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Fair Isle Primary School’s Opportunities for All

Fair Isle Primary School’s Opportunities for All project is a school-based initiative which delivers a range of complementary activities to ensure that families have the opportunity to play, learn and work together. Going beyond statutory educational obligations, and employing staff to work directly with families, the project focuses on encouraging positive family interactions and raising the aspirations of young people and adults.

Fair Isle

What are the aims and objectives?

The project aims to raise the self esteem of both parents and children and provide them with the skills to make positive changes in life. 

The Opportunities for All project is working towards achieving a number of outcomes – the things that the project is helping to make happen in the school and community environments:

  • Parents and carers, including lone parents, step families, fathers and grandparents, will have improved parental skills to meet the challenge of parenting in the 21st century.
  • Parents and children will demonstrate an improvement in their aspirational aims through greater self esteem, life skills and development of a ‘can do’ attitude.
  • Families will report improvements in family life through a greater interaction between the generations.
  • Children and parents will be re-engaged within the family and wider community, developing awareness of different life options and choices thus taking responsibility for their own actions. 

The project adopts a holistic approach in linking education, family life and community through activities based in the school for both children and parents. 

Why was the project set up? Has the approach changed over time?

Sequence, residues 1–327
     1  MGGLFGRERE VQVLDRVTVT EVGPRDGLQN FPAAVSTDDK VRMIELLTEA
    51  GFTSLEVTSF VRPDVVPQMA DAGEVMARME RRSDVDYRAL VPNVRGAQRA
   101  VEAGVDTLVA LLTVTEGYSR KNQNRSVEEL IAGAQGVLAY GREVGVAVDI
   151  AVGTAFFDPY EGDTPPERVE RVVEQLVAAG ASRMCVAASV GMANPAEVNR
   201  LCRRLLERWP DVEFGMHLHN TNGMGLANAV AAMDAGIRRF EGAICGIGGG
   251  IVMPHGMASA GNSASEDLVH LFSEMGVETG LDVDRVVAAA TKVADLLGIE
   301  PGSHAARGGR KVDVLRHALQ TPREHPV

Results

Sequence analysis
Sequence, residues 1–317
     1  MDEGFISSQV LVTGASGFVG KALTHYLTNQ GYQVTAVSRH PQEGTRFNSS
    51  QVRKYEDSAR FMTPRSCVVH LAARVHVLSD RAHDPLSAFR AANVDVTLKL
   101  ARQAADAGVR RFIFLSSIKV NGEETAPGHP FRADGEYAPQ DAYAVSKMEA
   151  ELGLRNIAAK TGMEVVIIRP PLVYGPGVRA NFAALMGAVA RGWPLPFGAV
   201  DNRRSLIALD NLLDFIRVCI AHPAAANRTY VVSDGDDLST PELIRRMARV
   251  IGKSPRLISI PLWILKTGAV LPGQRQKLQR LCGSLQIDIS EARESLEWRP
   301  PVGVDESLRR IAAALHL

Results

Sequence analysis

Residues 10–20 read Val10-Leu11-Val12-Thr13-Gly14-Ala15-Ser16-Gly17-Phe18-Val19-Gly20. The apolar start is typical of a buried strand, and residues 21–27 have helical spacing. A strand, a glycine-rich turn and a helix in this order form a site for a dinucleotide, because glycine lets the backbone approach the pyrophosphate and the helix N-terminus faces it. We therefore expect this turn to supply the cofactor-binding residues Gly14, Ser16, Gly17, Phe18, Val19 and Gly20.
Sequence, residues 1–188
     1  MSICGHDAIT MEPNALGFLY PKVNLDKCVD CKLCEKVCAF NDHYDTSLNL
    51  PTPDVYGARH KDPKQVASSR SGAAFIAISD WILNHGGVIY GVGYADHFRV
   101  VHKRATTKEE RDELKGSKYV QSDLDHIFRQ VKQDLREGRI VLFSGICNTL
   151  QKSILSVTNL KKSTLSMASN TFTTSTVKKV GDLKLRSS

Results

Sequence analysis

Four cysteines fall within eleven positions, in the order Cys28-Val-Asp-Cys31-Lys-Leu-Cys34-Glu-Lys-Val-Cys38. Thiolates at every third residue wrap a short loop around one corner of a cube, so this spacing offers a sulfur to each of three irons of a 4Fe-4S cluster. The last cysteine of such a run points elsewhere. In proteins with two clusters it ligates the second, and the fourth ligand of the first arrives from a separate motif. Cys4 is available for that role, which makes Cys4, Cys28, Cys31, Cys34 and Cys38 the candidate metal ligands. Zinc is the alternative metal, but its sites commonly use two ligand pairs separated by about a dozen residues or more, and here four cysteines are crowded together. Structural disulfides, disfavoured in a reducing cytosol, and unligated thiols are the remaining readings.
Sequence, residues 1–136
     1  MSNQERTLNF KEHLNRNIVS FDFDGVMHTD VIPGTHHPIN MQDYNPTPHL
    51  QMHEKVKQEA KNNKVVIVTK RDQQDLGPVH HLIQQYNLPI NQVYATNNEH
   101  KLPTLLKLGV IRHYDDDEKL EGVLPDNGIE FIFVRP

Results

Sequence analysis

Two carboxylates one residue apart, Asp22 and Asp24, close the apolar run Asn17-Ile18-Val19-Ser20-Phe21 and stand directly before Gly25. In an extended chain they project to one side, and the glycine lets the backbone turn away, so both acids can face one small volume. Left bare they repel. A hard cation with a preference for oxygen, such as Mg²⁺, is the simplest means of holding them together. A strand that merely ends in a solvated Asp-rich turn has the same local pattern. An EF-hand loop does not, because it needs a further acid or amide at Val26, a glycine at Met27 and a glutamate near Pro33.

The need for the project was identified by the school head teacher following an increase in the number of families requiring support through times of crisis. It was recognised that social services intervene in crisis situations by which time irreparable damage may have been done to the family structure. Local charities providing family support were also overwhelmed by the demand for their services. Teachers tried to assist families where possible, but were hampered due to a lack of time, scope of responsibility and restrictive legislation. Unmet demand for practical and emotional support for families in difficulty in the local area was evident.

“The school is at the heart of the community.”

In response to a large number of children displaying challenging behaviours, and following an audit of desired parental support, new facilities and resources available in the school allowed the school to do “something for the community’’. The school was able to put in place a range of activities to allow families to play and learn together.

A successful pilot project was run in January 2007 based on the ‘Philosophy for Children’ programme, where the initial focus of the project was topic based work such as healthy eating activities, arts and crafts and physical activity. The project was subsequently funded by the BIG Lottery in June 2007, a dedicated Family Worker employed and the project officially launched in December 2007.

The project has developed significantly since its establishment and continues to evolve in response to the expressed wishes and interests of participants and the comments and feedback received in project evaluations.